The New Inquiry interviews Miranda Joseph, author of the book Debt to Society: Accounting for Life under Capitalism, which argues that accounting practices of all types—financial accounting, but also "social accounting" through narratives and statistics—shape subjectivity to the very core. An excerpt:
The book was originally intended as a more specifically anti-prison project. So the material in “Accounting for Justice” was the seed?
Yeah, I first focused in on the phrase a debt to society because I had a Ph.D. student (now Dr. Zoe Hammer of Prescott College) who was working on a prison-related project. The phrase jumped out at me: Why is time in prison considered debt-paying? My research ended up going in all sorts of different directions, but thinking through the relationship between accounting for crime and financial accounting, between economic processes and incarceration, continued to be my motivation for the project. Race is a central factor here; the intertwined histories of financial and criminal debt are inextricably tied to the history of race in the U.S. At the crucial moment of emancipation and reconstruction, all kinds of social and legal and financial apparatuses were mobilized to re-subordinate former slaves, to oblige them into forced labor again.
Saidiya Hartmann has done important work in Scenes of Subjection on the elaboration of the social presumption of indebtedness. Guidebooks were written for former slaves by white people; they clearly demonstrate that white people wanted former slaves to see themselves as indebted for their emancipation and therefore owing voluntary re-subordination. Legally, the Black Codes and other laws helped realize this vision of always already indebtedness. There were criminal surety laws that allowed white people to pay fines for convicts who then had to work off the debt to the individual white person. And sharecropping was another system of re-enslaving African-Americans through financial debts. The post-Emancipation period set up dynamics that we still see today, where African-Americans are treated as always already indebted socially, financially, and juridically. That continues to play out through racially targeted predatory lending, and, of course, the killings of black people by police.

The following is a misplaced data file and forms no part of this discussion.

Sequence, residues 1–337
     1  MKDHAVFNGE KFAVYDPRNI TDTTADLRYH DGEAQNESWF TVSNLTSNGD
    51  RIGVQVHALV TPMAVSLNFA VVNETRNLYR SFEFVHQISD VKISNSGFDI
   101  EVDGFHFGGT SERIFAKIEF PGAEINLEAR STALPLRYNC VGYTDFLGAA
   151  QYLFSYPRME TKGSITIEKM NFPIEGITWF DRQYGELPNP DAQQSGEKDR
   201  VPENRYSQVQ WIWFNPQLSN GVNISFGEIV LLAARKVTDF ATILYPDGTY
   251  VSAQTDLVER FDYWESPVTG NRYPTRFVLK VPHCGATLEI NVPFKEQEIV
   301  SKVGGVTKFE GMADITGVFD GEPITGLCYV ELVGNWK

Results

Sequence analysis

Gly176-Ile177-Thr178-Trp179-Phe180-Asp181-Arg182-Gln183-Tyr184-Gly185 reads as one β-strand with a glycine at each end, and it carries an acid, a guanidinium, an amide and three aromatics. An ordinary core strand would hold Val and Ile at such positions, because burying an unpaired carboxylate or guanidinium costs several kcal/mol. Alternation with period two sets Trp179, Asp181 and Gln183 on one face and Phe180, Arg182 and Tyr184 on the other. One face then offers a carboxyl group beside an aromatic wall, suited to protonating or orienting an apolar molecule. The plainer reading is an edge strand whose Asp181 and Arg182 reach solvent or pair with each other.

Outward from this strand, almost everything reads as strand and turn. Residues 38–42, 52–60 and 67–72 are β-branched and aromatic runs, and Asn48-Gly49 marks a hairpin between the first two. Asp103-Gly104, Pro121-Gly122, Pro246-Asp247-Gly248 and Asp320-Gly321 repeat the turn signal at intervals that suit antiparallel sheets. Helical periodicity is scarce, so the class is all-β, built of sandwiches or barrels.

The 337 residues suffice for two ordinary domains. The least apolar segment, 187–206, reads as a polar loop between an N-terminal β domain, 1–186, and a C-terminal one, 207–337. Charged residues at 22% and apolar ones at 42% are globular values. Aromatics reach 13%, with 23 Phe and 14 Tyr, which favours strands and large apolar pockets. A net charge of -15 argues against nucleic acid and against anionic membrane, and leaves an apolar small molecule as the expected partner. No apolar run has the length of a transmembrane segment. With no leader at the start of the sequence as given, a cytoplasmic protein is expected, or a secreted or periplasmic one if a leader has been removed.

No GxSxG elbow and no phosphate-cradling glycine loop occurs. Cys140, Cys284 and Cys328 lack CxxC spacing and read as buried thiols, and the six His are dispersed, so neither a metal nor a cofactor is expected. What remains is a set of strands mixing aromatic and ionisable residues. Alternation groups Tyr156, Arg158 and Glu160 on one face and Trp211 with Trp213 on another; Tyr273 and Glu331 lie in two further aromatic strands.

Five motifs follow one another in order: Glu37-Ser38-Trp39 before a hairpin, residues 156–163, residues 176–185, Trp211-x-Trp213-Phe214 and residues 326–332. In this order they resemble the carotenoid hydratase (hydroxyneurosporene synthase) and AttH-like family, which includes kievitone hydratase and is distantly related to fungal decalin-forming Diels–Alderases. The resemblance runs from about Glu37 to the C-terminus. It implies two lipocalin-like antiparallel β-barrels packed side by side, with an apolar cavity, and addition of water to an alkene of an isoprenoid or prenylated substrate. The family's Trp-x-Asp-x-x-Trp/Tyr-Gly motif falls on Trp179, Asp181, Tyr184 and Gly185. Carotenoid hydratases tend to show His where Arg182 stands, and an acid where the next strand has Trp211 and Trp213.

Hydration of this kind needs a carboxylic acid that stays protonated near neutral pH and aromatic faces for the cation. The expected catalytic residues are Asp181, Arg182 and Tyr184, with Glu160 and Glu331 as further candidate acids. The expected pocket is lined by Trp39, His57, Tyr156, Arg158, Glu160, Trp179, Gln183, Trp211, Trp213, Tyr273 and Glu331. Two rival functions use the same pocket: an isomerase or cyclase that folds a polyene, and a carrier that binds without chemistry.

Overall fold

You also point out that this history is connected to the development of bankruptcy law. Because we used to have debtors’ prisons, right? But then certain debts get redefined as something to be dealt with outside criminal law. The book quotes testimony of businesspeople in early bankruptcy proceedings, and there’s this language of, “We’re not slaves, we’re not criminals, we deserve different treatment.”
Wealthy businesspeople and their corporations are the ones who are most often allowed to declare bankruptcy. Who gets a clean slate, and who is held responsible financially and criminally for their past? In the history of laws dealing with debt, a distinction gets drawn between innocent debtors who have just fallen on hard times and allegedly fraudulent debtors. The difference is supposed to be discernible through financial accounting; but social accountings—measures of who’s deemed trustworthy ahead of time—become a key factor in whether someone is subjected to criminal laws or to civil bankruptcy laws.
Image of debtors prison via Vice News.